Banks, Others Borrowing from CBN Drops by 26.5% in January on Economic Uncertainty

Kayode Tokede

As a result of slow business activities and uncertainty surrounding the nation’s economy, banks and merchant banks borrowing from the Central Bank of Nigeria (CBN) dropped by 26.5 per cent Year-on-Year (YoY) to N313.43billion from N426.7billion in January of 2021.

Banks and merchant banks often access the CBN’s Standing Lending Facility (SLF) window to borrow funds, subject to certain eligibility requirements, in order to temporarily address their short-term liquidity obligations.

The apex bank lends money to banks and merchant banks through the SLF at interest rate of 100 basis points (bpts) above the Monetary Policy Rate (MPR) of 11.50 per cent.

The CBN also lends money to the banks and merchant banks through Repurchase (Repo) arrangement, which involves the purchase of banks’ securities with the agreement to sell back at a specific date and at higher price.

Repo, according to the apex bank financial data recorded N952.8billion in January 2022 from N9.5million reported in January 2021.
On the flip side, Banks and merchant banks deposit with the CBN dropped by 47.6 per cent to N271.7billion in January 2022 from N818.7billion recorded by the CBN in January 2021.

Banks and merchant banks through the Standing Deposit Facility (SDF) on daily basis deposit excess funds with the apex bank at an applicable interest rate of 4.5 per cent at an asymmetric corridor of +100/-700 basis points around the 11.5 per cent (MPR).

SDF is a monetary policy operation used by CBN’s around the world to absorb deposits from banks, without involving the use of government securities as collateral in return.

Analyst maintained that banks and merchant banks in January 2021 had borrowed enough funds from the CBN to meet their daily obligations.
According to analyst at PAC Holdings, Mr. Wole Adeyeye the nation’s economy in 2021 had normalized, giving room for banks and merchant banks not to borrow from the CBN in January 2022.

In his reaction, the Vice President, Highcap Securities Limited, Mr. David Adnori explained that uncertainty in the nation’s economy forced banks and merchant banks to shun borrowing from CBN.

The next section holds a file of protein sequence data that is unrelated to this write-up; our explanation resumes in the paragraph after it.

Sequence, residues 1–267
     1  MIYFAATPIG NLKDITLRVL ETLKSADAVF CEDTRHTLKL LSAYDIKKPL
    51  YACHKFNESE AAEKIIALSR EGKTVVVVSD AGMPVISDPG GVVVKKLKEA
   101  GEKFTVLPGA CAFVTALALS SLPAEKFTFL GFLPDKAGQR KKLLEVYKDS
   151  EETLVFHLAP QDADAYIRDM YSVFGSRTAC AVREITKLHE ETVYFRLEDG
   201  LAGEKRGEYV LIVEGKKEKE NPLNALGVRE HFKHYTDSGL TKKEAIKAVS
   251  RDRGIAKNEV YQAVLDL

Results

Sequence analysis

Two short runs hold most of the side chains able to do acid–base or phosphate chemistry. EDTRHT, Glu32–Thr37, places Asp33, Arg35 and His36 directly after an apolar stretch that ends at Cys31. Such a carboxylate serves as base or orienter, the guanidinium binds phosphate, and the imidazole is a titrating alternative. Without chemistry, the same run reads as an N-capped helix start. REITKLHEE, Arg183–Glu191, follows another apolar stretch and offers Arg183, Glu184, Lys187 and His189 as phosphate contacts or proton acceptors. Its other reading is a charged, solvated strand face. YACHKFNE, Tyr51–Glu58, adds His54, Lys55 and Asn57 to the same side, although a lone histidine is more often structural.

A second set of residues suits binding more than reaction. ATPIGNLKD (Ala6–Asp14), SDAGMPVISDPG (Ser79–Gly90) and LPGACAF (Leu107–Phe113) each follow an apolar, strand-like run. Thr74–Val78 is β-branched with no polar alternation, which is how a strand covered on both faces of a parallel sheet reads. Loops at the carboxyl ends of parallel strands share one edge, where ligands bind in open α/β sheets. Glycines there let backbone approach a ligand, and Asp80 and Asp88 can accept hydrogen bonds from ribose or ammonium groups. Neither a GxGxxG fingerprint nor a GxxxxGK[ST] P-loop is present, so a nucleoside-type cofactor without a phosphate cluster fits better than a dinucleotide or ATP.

According to him: “Banks and merchant banks have excess liquidity and might not need to borrow from CBN. Besides economy uncertainty has begin to surface following 2023 general elections.”

THISDAY had recently reported that banks and merchant banks deposit dropped to N3.03trillion in 2021 from N7.25trillion in 2020.
The CBN had in July 2019 directed that banks daily deposits placement through its SDF should not exceed N2 billion, stressing that any daily deposits above the stipulated amount will not attract interest payments.

According to THISDAY investigation, as banks’ and merchant banks deposit dropped in the year under review, borrowing significantly appreciated.

THISDAY checks also revealed that banks’ and merchant banks borrowing from the CBN grew by 79.3 per cent to N13trillion in 2021 from N7.25trillion in 2020.

The reflection is increased dependency by banks and merchant banks on the CBN to cope with the intense scarcity of funds, which prevailed in the interbank money market for most part of 2021.

The CBN had noted in its 2019 guidelines that the N2 billion deposit represents 73 per cent reduction from the previous limit of N7.5 billion introduced way back in 2014.

In November 2014, the CBN said it observed that banks and discount houses preferred to keep their idle balances in the SDF with the CBN.
Unfortunately, this preference contributed to the restraining of the financial intermediation process, the reason the CBN opted to review the guidelines for the operation of the standing deposit facility.

The review recommended that daily placements by discount houses and banks at the SDF should not exceed N7.5 billion.

Commenting, Head Financial Institutions’ Ratings Agusto & Co, Mr. Ayokunle Olubunmi, said: “ Because CBN is implementing the discretionary CRR, banks where being careful in terms of sourcing for deposits because it doesn’t make sense for you as your bank to get deposits and then CBN is actually holding them eternal. So, banks are being careful with deposits.

“2022 is going to be much more drastic if the CBN does not change their stance. Because what we have seen last year is that banks are getting a bit more reluctant to lend. If not well managed, it could cause a dysfunction in the economy.”

Meanwhile the CBN sales at the Primary Market Auction (PMA) gained four per cent YoY to N472.8 billion in January over increase demand by investors.

The total gained, according to the CBN’s financial data in January 2020 was N455.83 billion sales at the PMA.

A breakdown revealed that the CBN on January 7, 2022, the CBN sales N77.6billion at the PMA and the following week, January 21, 2022, PMA sales grew to N171.3 billion

Last Wednesday at its bi-weekly PMA, the CBN offered N129.33 billion for sale and recorded the highest demand level Year-till-Date (YtD), with a subscription level of N475.63 billion (Bid-to-offer ratio: 3.7x; previously 1.5x).

Eventually, the CBN allotted N223.75 billion – N2.68 billion of the 91Day, N3.54 billion of the 182Day, and N217.53 billion of the 364-Day bills with respective stop rates of 2.48 per cent (previously 2.49per cent), 3.30per cent previously 3.45per cent), and 5.40per cent (previously 5.50per cent).

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